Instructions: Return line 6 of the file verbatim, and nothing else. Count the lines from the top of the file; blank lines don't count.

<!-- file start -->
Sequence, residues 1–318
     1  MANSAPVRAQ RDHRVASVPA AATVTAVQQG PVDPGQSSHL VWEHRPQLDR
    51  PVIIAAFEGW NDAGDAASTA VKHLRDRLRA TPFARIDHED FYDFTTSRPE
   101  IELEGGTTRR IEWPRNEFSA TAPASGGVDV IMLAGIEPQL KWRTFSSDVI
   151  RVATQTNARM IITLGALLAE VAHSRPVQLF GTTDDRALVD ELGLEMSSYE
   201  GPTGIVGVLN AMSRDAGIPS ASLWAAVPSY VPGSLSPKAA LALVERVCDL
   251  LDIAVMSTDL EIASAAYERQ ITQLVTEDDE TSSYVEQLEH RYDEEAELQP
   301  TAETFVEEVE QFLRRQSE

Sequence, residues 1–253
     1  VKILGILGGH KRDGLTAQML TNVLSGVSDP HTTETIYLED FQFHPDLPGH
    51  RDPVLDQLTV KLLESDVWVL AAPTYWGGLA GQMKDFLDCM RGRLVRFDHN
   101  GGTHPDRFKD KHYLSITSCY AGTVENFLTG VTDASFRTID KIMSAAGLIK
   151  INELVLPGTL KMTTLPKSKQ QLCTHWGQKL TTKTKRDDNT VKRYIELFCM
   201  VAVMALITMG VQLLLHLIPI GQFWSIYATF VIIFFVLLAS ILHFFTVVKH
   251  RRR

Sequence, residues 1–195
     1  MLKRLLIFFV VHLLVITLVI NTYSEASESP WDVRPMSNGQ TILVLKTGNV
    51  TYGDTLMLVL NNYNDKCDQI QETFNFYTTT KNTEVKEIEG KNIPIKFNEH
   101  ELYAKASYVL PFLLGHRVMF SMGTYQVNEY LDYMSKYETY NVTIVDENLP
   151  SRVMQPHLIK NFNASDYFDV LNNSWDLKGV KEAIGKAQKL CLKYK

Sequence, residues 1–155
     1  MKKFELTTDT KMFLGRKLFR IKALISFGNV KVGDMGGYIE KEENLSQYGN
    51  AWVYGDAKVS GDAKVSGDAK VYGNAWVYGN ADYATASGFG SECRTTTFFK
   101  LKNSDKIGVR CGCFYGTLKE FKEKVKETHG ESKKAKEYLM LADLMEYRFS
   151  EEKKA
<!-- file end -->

   201  GPTGIVGVLN AMSRDAGIPS ASLWAAVPSY VPGSLSPKAA LALVERVCDL